(b) Find the probability that the card chosen at random does not have the letter M printed on it.

(c) Find the probability that the letter printed on the card chosen at random has no lines of symmetry.

(d) Chris chooses a card at random, replaces it, then chooses a card again. Calculate the probability that only one of the cards she chooses has the letter M printed on it.

(e) Graham chooses a card at random and does not replace it. He continues until he chooses a card with the letter M printed on it. Find the probability that this happens when he chooses the 3rd card.


GCSE Higher

A box contains only green and yellow crayons.

Luka takes one crayon at random from the box. The probability that she takes a green crayon is \(\frac16\).

Luka returns the crayon to the bag and adds four more green crayons to the box. The probability that she takes one green crayon at random is now \(\frac14\).

How many crayons of each colour were originally in the box?


GCSE Higher

Lisa's nephew Sean has two boxes containing plastic building bricks.

A red box contains 5 green bricks and 10 yellow bricks.

A blue box contains 8 green bricks and 16 yellow bricks.

Lisa picks a brick at random from the red box and puts it into the blue box.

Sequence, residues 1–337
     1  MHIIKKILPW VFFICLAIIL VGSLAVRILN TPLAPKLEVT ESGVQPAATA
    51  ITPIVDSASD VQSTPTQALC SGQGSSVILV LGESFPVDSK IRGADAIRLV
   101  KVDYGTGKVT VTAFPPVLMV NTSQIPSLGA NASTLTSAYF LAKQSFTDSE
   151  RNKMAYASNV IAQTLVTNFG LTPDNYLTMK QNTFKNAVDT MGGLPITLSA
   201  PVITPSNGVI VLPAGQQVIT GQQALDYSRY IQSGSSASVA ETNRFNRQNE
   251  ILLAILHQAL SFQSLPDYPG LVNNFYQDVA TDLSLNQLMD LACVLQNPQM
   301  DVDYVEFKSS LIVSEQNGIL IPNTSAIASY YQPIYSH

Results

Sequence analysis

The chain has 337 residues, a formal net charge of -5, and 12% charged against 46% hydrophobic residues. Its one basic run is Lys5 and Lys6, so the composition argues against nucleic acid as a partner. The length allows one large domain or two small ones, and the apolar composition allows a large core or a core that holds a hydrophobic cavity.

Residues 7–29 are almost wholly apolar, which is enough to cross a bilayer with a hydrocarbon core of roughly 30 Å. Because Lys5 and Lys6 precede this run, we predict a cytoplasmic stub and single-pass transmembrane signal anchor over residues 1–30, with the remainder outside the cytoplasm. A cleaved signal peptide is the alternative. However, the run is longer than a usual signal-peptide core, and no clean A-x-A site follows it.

Sean now picks a brick at random from the blue box. Show that:

P(Lisa picks a green brick) = P(Sean picks a green brick)


IB Standard

Piers wins one of the many prizes on offer in the school raffle but he does not yet know exactly what the prize is.

Find the probability that the prize Piers wins is not both something to eat and worth more than $10 as Piers does not like expensive food.


IB Standard

Jane and David play two games of golf. The probability that Jane wins the first game is \(\frac56\). If Jane wins the first game, the probability that she wins the second game is \(\frac67\).

If Jane loses the first game, the probability that she wins the second game is \(\frac34\)

(a) Copy and complete the following tree diagram.

(b) Find the probability that Jane wins the first game and David wins the second game.

(c) Find the probability that David wins at least one game.